Prostate Cancer Coverage from Every Angle

Tanya Dorff, MD, on Androgen Deprivation, External-Beam Radiation Therapy, and Oligometastatic Hormone-Sensitive Prostate Cancer

Posted: Thursday, September 1, 2022

Tanya Dorff, MD, of City of Hope, discusses the challenges posed when treating patients with oligometastatic prostate cancer, for whom lifelong intensive therapy may not be appropriate. Dr. Dorff reviews several recent studies, the need for the most sensitive imaging tools, and the complex treatment landscape that makes it more important than ever to enroll patients in clinical trials that may help better define best practices.


Disclaimer: This video transcript has not been proofread or edited and may contain errors.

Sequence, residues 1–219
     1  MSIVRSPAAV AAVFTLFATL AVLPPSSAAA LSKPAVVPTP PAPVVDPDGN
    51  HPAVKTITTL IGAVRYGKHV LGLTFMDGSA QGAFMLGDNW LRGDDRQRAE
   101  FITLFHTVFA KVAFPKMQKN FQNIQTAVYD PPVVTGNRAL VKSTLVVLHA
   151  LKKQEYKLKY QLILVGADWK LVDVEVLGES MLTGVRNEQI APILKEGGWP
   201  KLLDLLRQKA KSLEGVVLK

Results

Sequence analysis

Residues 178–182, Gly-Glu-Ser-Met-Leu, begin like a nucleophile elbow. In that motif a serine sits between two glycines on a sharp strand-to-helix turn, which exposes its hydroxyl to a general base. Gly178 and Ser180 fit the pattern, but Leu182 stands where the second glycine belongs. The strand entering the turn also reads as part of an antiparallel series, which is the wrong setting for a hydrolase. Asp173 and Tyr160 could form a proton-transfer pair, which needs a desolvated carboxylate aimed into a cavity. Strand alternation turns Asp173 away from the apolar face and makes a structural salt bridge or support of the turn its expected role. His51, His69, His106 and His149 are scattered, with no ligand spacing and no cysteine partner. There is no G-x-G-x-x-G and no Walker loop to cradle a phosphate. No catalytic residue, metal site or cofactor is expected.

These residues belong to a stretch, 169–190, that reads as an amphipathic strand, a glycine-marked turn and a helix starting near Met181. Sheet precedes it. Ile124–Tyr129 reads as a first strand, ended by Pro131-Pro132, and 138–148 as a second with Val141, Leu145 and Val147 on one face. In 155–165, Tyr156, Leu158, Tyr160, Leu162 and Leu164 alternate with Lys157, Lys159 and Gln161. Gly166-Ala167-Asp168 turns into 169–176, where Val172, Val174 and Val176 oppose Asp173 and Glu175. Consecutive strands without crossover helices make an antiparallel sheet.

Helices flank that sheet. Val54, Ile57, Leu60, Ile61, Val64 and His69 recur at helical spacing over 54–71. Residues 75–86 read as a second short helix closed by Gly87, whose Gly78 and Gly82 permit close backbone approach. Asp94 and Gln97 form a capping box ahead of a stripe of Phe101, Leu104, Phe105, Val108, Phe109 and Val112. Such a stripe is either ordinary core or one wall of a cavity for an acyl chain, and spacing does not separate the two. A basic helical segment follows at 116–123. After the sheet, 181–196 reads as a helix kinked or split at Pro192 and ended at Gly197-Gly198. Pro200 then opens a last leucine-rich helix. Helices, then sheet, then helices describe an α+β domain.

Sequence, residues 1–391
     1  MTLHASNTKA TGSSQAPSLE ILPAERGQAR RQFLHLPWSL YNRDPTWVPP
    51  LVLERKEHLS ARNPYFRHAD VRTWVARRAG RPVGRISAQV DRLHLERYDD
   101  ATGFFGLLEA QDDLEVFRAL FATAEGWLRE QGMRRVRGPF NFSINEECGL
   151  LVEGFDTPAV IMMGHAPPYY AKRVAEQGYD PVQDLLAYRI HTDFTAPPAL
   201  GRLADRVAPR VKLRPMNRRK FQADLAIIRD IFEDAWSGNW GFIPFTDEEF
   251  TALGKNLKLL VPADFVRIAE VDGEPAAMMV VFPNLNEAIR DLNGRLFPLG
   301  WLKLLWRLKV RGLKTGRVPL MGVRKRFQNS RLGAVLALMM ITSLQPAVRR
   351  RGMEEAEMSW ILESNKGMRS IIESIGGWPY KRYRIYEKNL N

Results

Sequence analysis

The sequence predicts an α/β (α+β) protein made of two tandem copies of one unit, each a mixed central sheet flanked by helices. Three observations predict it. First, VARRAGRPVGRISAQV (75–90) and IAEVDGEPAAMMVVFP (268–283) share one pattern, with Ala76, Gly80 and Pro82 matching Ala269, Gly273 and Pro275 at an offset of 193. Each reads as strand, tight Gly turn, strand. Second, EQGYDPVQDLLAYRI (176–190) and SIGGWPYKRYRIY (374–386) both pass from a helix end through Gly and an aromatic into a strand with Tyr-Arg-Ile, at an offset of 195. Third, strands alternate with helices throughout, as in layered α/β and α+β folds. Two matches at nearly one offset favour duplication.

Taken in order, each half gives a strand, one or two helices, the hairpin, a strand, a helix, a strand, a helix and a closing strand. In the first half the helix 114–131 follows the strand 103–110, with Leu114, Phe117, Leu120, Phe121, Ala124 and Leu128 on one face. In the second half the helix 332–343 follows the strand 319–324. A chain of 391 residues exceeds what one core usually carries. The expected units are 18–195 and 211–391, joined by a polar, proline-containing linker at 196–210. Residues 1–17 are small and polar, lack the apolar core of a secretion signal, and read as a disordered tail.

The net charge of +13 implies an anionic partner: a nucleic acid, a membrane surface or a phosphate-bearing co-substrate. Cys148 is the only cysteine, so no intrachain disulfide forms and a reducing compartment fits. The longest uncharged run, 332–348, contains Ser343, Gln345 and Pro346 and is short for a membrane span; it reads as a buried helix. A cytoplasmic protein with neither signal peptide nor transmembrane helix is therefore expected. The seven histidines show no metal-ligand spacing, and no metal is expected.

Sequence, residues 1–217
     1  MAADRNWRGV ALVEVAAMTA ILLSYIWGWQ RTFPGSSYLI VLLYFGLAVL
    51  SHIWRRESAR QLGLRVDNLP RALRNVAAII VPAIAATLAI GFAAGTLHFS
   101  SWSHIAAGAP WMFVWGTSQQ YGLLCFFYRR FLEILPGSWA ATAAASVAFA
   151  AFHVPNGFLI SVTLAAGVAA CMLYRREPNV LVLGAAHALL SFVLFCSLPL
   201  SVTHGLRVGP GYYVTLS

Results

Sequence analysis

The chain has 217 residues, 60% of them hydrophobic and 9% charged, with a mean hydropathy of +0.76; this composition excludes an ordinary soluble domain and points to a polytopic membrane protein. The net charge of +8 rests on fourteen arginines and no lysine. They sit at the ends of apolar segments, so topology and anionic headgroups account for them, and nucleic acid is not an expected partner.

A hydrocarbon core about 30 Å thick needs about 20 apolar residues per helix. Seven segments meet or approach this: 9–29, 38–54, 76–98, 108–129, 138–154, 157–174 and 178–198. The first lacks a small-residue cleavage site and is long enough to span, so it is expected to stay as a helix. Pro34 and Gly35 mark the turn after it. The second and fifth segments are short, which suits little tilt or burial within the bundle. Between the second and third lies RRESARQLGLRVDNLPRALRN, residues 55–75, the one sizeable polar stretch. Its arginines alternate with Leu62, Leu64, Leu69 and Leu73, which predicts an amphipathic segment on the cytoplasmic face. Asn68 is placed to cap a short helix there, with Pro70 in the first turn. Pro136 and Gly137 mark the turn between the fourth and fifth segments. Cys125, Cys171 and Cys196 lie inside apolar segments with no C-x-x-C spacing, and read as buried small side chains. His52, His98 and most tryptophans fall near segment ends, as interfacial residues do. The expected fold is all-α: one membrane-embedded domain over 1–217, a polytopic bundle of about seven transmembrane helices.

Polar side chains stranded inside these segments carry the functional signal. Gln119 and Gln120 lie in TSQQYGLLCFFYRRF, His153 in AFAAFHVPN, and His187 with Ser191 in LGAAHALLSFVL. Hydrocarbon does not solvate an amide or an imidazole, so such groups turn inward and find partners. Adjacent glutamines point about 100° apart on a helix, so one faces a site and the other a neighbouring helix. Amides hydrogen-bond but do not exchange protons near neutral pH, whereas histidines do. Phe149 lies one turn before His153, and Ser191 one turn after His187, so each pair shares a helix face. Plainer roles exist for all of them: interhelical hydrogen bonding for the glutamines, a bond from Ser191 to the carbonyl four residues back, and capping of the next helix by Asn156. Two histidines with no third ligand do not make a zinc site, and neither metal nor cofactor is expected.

Oligometastatic prostate cancer poses some significant challenges. We know from the STAMPEDE trial that treatment of the prostate primary can yield important benefits in men who are diagnosed with de novo metastatic disease and have a low volume of metastases. But when we think about oligometastatic patients, we're also thinking about patients who relapse following definitive management to the prostate primary earlier, and who have just one to five, or sometimes one to three, metastases detected on imaging. These men don't fit as easily into a paradigm of lifelong intensified therapy, which is, of course, how we're treating most of our metastatic prostate cancer patients. Oligometastatic prostate cancer patients have been enrolled on those trials of upfront intensified systemic therapy, but they've also been treated on trials of no androgen deprivation and only stereotactic radiation. So, these are trials such as ORIOLE, POPSTAR and STOMP. So, first and foremost, the definition of oligometastatic prostate cancer is reliant on imaging. And so, it makes sense that we would have more success, if we want to use metastasis directed therapy, if we can use our most sensitive imaging to locate the metastases. So, this typically would involve a PSMA PET scan or perhaps Fluciclovine PET scan. Using conventional imaging, such as CTs and bone scans, would be likely to underestimate where the disease is and would, therefore, likely result in a lower success rate. In ORIOLE, one of the trials that tested metastasis directed therapy without androgen deprivation, 48% of patients were free of androgen deprivation at two years. In another trial, STOMP, the median ADT free survival was 21 months, although this is not a firm endpoint. The observation group, for instance, who received no treatment, had an ADT free survival of 13 months. The recent TROD trial, which selected patients based on PSMA pet, found that only 65% had their PSA decreased by 25% or greater. So, clearly even with our best imaging, we are missing some areas of disease. Patterns of failure are typically shown to be outside the areas that we treat with the stereotactic radiation. And so, the question of using androgen deprivation makes sense potentially as a way to treat the micro metastases that are not detectable by imaging. And since ADT added to radiation has improved outcomes in many other scenarios, such as the salvage setting when we're using prostate bed and/or pelvic radiation, it makes sense to combine them here for all of the metastatic patients, as well. But we have very few datasets studying this combination in this setting. Duration of ADT intensity remain open questions, as well. And patient selection factors may be very important, since there are those who could achieve long-term control without androgen deprivation as we saw in STOMP and ORIOLE and those other trials, and men may obviously prefer not to be exposed to ADT. So, this is a complex landscape and enrolling patients on clinical trials whenever possible is going to be really important to help us better define how to best treat these patients.

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